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The Information Technology sector ranks second out of the ten sectors as detailed in my Sector Rankings for ETFs and Mutual Funds report. It gets my Neutral rating, which is based on aggregation of ratings of 27 ETFs and 130 mutual funds in the Information Technology sector as of January 20, 2013. Prior reports on the best & worst ETFs and mutual funds in every sector are here.

Figures 1 and 2 show the five best and worst-rated ETFs and mutual funds in the sector. Not all Information Technology sector ETFs and mutual funds are created the same. The number of holdings varies widely (from 24 to 428). This variation creates drastically different investment implications and, therefore, ratings. The best ETFs and mutual funds allocate more value to Attractive-or-better-rated stocks than the worst ETFs and mutual funds, which allocate too much value to Neutral-or-worse-rated stocks.

To identify the best and avoid the worst ETFs and mutual funds within the Information Technology sector, investors need a predictive rating based on (1) stocks ratings of the holdings and (2) the all-in expenses of each ETF and mutual fund. Investors need not rely on backward-looking ratings. My fund rating methodology is detailed here.

Investors should not buy any Information Technology ETFs or mutual funds because none get an Attractive-or-better rating. If you must have exposure to this sector, you should buy a basket of Attractive-or-better rated stocks and avoid paying undeserved fund fees. Active management has a long history of not paying off. Here's the list of our top-rated Information Technology stocks.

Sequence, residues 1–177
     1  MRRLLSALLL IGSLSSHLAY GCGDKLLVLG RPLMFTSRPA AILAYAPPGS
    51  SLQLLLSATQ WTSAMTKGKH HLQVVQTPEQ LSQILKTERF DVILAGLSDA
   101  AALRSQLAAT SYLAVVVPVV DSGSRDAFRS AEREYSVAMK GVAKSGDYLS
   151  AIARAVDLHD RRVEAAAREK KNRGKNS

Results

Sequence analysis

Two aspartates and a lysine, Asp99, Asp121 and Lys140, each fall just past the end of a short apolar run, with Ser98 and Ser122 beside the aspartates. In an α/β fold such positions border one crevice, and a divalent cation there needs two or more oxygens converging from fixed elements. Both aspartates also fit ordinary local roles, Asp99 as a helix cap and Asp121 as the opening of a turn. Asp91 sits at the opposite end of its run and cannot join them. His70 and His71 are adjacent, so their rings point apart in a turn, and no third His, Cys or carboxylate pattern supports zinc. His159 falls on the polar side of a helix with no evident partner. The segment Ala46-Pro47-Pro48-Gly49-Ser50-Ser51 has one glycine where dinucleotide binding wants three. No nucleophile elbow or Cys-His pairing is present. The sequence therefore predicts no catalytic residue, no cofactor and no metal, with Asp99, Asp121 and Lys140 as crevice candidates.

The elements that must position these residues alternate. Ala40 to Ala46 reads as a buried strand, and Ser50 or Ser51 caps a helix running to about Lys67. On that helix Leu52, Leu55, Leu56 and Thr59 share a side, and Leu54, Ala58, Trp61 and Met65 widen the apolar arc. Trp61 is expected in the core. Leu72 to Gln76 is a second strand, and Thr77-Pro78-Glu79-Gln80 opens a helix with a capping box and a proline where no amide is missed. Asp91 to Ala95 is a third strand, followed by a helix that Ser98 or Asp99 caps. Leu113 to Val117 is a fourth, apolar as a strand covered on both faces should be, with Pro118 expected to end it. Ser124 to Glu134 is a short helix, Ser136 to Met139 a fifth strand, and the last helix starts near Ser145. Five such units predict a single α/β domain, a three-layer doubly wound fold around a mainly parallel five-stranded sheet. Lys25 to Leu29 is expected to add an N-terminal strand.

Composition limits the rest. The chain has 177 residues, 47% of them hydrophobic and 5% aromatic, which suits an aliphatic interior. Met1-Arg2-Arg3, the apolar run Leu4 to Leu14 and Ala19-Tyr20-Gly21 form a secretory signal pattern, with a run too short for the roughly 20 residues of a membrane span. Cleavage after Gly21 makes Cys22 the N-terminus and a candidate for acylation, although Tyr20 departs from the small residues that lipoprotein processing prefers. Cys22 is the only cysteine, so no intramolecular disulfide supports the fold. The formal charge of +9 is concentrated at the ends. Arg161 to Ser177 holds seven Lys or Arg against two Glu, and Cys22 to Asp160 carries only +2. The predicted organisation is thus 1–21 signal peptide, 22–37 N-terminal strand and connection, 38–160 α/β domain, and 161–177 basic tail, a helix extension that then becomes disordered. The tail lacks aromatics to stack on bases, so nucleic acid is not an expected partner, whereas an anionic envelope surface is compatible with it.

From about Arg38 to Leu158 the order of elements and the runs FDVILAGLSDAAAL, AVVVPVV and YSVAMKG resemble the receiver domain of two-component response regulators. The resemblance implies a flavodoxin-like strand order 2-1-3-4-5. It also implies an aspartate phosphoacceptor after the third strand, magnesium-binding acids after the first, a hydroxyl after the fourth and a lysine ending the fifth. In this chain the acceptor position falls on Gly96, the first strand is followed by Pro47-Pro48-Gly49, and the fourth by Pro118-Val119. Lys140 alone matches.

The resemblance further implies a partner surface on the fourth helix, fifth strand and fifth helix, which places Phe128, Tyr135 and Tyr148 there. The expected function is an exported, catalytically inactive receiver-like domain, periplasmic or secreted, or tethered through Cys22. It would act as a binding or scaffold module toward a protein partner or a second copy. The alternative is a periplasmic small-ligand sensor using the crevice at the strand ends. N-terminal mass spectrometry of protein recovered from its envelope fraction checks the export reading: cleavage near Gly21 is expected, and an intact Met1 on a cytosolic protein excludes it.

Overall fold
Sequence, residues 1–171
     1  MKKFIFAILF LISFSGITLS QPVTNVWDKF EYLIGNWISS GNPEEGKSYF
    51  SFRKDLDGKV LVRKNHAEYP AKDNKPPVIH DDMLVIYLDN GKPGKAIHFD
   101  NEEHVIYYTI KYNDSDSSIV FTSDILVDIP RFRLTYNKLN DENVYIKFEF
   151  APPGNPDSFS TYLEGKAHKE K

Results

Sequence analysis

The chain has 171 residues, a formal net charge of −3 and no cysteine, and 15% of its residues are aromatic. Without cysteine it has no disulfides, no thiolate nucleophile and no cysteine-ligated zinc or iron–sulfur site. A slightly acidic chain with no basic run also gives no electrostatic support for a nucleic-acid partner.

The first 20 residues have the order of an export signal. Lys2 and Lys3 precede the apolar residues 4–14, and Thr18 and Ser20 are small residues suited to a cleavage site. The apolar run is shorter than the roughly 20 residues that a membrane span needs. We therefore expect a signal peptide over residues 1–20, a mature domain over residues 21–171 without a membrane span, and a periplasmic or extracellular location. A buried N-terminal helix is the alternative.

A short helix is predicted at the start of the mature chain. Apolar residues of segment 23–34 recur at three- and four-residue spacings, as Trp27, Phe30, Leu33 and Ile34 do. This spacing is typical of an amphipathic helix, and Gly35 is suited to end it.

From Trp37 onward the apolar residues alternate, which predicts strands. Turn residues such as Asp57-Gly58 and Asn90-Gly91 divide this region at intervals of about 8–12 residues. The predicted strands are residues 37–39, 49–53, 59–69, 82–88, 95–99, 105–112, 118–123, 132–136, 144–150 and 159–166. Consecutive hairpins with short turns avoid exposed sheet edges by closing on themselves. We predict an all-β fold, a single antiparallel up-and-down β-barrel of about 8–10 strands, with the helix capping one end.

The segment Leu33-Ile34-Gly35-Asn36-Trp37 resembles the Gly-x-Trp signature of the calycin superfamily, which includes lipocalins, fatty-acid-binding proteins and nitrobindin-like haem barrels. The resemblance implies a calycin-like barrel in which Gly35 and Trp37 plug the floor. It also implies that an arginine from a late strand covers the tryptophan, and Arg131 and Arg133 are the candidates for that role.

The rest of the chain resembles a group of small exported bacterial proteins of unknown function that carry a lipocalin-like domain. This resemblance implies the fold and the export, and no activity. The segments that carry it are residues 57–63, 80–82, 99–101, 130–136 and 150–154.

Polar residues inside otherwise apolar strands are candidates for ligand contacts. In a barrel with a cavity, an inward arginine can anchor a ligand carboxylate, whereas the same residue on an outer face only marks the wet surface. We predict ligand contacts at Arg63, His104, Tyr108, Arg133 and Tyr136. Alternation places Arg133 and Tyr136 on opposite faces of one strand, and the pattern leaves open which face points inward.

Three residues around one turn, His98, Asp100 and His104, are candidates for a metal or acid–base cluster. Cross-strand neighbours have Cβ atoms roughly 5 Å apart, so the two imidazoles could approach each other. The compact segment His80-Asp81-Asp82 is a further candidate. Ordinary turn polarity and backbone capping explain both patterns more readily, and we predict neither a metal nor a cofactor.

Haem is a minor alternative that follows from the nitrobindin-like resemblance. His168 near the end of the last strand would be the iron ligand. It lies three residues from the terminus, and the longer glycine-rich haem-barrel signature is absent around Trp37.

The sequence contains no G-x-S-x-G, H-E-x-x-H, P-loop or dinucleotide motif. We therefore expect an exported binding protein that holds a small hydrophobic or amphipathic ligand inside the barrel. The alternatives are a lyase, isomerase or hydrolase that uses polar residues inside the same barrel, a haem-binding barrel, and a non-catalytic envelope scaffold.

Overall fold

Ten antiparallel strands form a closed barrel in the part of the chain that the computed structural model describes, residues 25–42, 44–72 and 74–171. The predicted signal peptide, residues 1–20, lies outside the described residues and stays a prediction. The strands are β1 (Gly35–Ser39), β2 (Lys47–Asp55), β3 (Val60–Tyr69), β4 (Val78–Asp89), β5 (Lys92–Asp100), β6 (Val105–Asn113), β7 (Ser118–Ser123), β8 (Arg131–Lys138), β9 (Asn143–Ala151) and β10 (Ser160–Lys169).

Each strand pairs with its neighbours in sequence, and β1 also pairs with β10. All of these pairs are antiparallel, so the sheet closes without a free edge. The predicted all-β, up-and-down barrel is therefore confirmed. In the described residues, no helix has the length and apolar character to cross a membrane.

Get my ratings on all ETFs and mutual funds in this sector on my free mutual fund and ETF screener.

Figure 1: ETFs with the Best & Worst Ratings - Top 5

* Best ETFs exclude ETFs with TNAs less than $100 million for inadequate liquidity.

Sources: New Constructs, LLC and company filings

Fidelity MSCI Information Technology Index ETF (NYSEARCA:FTEC) is excluded from Figure 1 because its total net assets (NYSEARCA:TNA) are below $100 million and do not meet our liquidity minimums.

Figure 2: Mutual Funds with the Best & Worst Ratings - Top 5

* Best mutual funds exclude funds with TNAs less than $100 million for inadequate liquidity.

Sources: New Constructs, LLC and company filings

First Trust NASDAQ Technology Dividend Index Fund (NASDAQ:TDIV) is my top-rated Information Technology ETF and Oak Associates Red Oak Technology Select Fund (ROGSX) is my top-rated Information Technology mutual fund. Both earn my Neutral rating.

PowerShares Lux Nanotech Portfolio (NYSEARCA:PXN) is my worst-rated Information Technology ETF and Rydex Series Electronics Fund (RYELX) is my worst-rated Information Technology mutual fund. PXN earns my Dangerous rating while RYELX gets my Very Dangerous rating.

Figure 3 shows that 63 out of the 578 stocks (over 21% of the market value) in Information Technology ETFs and mutual funds get an Attractive-or-better rating. However, zero out of 27 Information Technology ETFs and zero out of 130 Information Technology mutual funds get an Attractive-or-better rating.

The takeaways are: mutual fund managers allocate too much capital to low-quality stocks and Information Technology ETFs hold poor quality stocks.

Figure 3: Information Technology Sector Landscape For ETFs, Mutual Funds & Stocks

Sources: New Constructs, LLC and company filings

As detailed in "Cheap Funds Dupe Investors", the fund industry offers many cheap funds but very few funds with high-quality stocks, or with what I call good portfolio management.